For years, Netflix (NASDAQ:NFLX) methodically expanded overseas, racking up losses as it took the steps necessary to enter new markets. It negotiated with governments, spent heavily on marketing, and collected locally relevant content.
The years-long expansion came to an abrupt end this January when Netflix suddenly announced it had launched in 130 countries simultaneously. CEO Reed Hastings has since promised multiple times that his company would deliver "material profits" starting in 2017. Management said in its recent report it would "start generating material global profits in 2017 and beyond, by marching up operating margins steadily for many years."
Now streaming profits
Netflix has long been generating substantial profits from the U.S. market. For more than a year, Netflix has been targeting a 40% contribution margin for domestic streaming, meaning it will keep 40% of its revenue after content and marketing expenses.
As U.S. subscribership has grown and Netflix "ungrandfathered" its prices this year, contribution margins have rapidly increased. They reached 36.4% in the third quarter and the company has forecast 36.9% in the current quarter. In Q3 2015, the domestic contribution margin was just 32.4%, and the subsequent rapid growth is a sign of the power of Netflix's subscription model.
The company's DVD division, while in decline, continues to churn out solid profits as well. Contribution margins from its DVD segments are above 50%, and the segment is on track to produce $250 million in contribution profit this year. That's much less than the near $2 billion expected from domestic streaming, but too much to ignore.
The international segment has been the biggest weight on the company in recent years. Foreign markets are set to account for a loss of about $300 million this year, however, margins are improving. In the Q3 2015, the international contribution margin was -13.1%. That narrowed to -8% in the most recent quarter, and that change came from an increase in revenue as contribution loss held between $68 million and $69 million. For 2016, Netflix is expecting a profit of just $0.40 a share.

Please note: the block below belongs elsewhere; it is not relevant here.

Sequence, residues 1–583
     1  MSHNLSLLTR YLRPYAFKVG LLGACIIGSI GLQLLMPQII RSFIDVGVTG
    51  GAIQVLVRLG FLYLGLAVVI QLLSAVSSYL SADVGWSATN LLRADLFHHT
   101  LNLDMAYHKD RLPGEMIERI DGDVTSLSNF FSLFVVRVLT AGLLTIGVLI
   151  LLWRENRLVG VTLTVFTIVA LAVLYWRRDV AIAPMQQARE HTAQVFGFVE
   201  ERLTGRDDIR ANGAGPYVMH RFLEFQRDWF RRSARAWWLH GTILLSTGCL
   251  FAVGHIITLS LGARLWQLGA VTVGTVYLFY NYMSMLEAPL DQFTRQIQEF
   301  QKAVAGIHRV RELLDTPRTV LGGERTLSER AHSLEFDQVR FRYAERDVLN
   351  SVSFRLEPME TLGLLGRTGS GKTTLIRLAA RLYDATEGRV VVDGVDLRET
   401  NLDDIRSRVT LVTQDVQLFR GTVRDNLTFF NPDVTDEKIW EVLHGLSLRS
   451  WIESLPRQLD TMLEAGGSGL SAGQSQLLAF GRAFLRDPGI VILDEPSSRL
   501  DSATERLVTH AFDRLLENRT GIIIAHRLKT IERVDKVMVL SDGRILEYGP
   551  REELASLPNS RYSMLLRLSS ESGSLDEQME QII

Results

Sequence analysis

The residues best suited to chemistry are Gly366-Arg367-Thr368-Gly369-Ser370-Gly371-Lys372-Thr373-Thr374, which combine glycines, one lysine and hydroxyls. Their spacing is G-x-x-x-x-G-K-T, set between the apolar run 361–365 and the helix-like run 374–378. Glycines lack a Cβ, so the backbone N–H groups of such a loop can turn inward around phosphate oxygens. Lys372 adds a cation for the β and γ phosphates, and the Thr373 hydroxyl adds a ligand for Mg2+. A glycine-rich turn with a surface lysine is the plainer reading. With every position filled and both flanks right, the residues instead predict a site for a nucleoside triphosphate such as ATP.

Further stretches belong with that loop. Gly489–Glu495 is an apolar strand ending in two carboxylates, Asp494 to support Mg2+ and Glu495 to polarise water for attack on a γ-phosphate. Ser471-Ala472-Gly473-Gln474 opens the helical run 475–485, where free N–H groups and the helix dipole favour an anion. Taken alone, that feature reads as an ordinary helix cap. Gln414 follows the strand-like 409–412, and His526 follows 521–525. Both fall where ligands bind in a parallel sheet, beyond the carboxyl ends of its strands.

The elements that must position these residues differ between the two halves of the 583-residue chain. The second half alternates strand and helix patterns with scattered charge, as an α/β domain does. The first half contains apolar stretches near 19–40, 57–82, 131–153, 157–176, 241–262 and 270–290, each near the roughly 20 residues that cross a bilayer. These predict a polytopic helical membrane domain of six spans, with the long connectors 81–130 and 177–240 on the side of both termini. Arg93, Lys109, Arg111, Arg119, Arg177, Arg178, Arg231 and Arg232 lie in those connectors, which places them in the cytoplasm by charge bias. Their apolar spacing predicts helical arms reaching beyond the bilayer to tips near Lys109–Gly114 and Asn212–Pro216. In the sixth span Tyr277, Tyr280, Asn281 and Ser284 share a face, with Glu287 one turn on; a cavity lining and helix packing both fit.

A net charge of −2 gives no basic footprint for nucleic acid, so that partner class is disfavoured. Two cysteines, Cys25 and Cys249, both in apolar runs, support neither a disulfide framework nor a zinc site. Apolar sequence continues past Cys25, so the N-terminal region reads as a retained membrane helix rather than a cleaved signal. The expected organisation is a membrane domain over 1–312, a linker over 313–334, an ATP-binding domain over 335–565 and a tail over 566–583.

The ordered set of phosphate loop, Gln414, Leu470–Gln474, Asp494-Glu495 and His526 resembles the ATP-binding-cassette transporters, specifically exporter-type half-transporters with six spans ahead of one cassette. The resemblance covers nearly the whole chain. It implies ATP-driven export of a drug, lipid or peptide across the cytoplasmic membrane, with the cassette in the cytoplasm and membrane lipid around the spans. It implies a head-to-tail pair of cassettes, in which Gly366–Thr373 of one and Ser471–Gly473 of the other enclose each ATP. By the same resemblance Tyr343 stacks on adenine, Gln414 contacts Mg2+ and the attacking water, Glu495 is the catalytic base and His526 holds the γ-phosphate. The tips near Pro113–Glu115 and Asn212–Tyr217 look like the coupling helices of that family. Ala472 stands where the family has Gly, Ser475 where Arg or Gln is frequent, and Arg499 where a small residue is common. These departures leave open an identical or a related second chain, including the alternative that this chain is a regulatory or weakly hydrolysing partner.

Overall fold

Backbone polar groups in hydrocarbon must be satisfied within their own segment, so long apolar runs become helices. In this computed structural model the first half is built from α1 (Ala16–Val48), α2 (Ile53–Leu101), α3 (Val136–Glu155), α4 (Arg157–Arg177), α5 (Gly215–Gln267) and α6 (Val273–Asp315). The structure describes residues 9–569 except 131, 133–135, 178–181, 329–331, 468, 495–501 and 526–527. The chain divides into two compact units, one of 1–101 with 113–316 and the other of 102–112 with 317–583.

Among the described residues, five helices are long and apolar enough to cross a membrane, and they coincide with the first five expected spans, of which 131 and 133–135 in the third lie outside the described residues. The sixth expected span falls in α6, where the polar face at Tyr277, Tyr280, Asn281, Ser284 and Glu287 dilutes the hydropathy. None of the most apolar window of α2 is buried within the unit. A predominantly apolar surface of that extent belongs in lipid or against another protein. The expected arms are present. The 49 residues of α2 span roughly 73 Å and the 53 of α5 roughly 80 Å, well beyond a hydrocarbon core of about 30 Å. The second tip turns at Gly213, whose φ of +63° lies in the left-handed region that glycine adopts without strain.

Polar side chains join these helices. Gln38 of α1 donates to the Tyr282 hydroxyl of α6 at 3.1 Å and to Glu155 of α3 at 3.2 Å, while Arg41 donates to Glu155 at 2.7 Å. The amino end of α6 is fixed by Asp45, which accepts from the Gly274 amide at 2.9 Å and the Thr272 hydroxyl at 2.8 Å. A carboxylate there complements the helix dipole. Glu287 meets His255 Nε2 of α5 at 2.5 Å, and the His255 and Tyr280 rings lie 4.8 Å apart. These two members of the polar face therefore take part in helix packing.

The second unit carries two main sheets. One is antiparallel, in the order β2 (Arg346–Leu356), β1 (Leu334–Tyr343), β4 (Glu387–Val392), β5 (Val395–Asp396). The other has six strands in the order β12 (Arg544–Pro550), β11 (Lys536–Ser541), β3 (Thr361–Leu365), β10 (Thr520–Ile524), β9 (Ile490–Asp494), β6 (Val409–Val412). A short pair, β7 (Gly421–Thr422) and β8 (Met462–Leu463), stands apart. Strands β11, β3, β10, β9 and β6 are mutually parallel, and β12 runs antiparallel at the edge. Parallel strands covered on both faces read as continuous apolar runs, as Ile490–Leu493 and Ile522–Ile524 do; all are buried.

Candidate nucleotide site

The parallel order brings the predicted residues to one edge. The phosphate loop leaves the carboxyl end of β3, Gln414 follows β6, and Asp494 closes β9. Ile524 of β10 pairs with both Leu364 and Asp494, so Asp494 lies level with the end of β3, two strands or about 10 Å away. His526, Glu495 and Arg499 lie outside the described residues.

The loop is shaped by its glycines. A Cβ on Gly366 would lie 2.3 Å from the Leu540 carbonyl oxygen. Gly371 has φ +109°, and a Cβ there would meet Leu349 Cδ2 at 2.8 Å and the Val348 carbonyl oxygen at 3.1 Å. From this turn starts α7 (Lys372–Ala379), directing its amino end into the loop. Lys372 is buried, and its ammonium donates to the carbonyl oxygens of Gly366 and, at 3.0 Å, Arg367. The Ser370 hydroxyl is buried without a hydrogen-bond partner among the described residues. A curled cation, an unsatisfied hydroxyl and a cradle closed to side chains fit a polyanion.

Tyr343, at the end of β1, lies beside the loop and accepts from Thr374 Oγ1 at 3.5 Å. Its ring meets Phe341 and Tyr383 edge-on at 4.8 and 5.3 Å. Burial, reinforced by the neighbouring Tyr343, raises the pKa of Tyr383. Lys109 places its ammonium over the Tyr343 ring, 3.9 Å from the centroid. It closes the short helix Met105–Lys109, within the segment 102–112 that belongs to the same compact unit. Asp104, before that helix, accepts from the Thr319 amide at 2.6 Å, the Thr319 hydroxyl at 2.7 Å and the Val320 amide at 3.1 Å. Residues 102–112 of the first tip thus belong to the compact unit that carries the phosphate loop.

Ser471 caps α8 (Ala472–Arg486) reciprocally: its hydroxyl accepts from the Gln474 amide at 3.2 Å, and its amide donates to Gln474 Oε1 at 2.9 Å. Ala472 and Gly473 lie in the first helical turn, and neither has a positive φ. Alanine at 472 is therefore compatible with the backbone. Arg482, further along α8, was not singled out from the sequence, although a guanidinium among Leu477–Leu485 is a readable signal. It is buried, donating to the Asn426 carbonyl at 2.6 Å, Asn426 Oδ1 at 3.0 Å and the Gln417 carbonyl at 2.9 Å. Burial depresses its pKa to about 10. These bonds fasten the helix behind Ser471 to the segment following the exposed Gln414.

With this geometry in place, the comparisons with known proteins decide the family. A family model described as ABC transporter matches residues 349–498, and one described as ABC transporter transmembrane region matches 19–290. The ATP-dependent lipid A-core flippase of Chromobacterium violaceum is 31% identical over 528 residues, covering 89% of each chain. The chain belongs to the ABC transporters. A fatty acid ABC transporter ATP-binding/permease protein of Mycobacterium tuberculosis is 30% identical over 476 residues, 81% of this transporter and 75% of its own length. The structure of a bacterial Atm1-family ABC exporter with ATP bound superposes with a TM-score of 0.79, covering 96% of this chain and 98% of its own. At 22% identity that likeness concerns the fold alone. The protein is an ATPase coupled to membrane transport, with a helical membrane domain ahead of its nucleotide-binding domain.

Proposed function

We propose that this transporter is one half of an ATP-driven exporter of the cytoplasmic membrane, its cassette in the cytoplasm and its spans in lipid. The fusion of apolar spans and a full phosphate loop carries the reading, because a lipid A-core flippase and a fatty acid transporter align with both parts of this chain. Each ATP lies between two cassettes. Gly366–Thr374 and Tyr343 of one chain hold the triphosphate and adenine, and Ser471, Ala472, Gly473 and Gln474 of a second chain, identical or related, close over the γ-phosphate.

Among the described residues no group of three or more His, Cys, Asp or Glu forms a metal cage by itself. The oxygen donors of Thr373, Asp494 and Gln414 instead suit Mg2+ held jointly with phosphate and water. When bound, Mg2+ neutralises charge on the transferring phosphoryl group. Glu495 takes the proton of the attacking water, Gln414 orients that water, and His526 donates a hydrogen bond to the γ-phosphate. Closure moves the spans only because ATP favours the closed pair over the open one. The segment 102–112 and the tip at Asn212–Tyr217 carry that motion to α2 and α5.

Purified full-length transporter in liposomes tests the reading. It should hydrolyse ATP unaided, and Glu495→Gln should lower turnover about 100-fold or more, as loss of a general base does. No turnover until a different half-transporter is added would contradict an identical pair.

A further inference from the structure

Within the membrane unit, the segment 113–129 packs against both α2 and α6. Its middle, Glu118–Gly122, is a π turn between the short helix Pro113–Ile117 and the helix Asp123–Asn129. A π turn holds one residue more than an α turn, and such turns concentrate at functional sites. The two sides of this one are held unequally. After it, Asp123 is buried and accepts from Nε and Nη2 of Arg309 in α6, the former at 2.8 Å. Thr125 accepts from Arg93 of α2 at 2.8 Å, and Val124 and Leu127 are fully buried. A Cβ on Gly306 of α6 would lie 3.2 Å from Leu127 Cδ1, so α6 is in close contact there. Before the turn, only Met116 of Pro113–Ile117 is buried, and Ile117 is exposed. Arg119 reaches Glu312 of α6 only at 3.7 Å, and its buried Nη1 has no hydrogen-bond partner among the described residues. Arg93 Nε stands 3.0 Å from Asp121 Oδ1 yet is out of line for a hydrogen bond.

What 2017 may hold
Netflix's quarter-to-quarter results are notoriously volatile, but extrapolating from the current year we can get a sense of what 2017 results would look like.
The company is increasing its original content from 600 hours this year to 1,000 next year, so content costs will remain high, but that spending should also drive continued subscriber growth. Netflix is on track to add about 4.2 million domestic streaming subscribers this year, so another 4 million next year seems like a reasonable expectation. That subscriber growth would add about $500 million, and lapping the effects of this year's price increase should add another $500 million. Assuming Netflix can increase its contribution margin modestly to 38%, that would give it a contribution profit of about $2.3 billion next year.
The international segment is more difficult to project, but 2017 will be the first year since 2009 that Netflix doesn't enter a new market. It won't have the launch expenses from January's international whirlwind, meaning its international loss should continue to narrow. Netflix should add at least another 10 million international subscribers next year, following about 13 million new subscribers this year. Growth in marketing expenses and content should moderate as the company no longer has new territories to enter. With more than $1 billion in new revenue coming in from additional subscribers, Netflix should be able to at least cut its international contribution loss in half to about $150 million. With the DVD segment, that should give the company a 2017 contribution profit of around $2.3 billion.
If technology and general and administrative expenses grow at the same pace as revenue they will increase from about $1.4 million to $1.8 million, leaving the company with a 2017 operating profit of about $600 million. Subtracting interest expenses and income tax should leave the company with about $400 million in net income, or $0.91 per share, more than double its projected 2016 total. Wall Street is currently forecasting $0.94 EPS next year.
From there, Netflix's operating leverage should continue to build and profit growth should accelerate. The company won't grow into its triple-digit valuation overnight, but as long as it can deliver solid subscriber and profit growth, the stock should keep outperforming.
Jeremy Bowman owns shares of Netflix. The Motley Fool owns shares of and recommends Netflix. Try any of our Foolish newsletter services free for 30 days. We Fools may not all hold the same opinions, but we all believe that considering a diverse range of insights makes us better investors. The Motley Fool has a disclosure policy.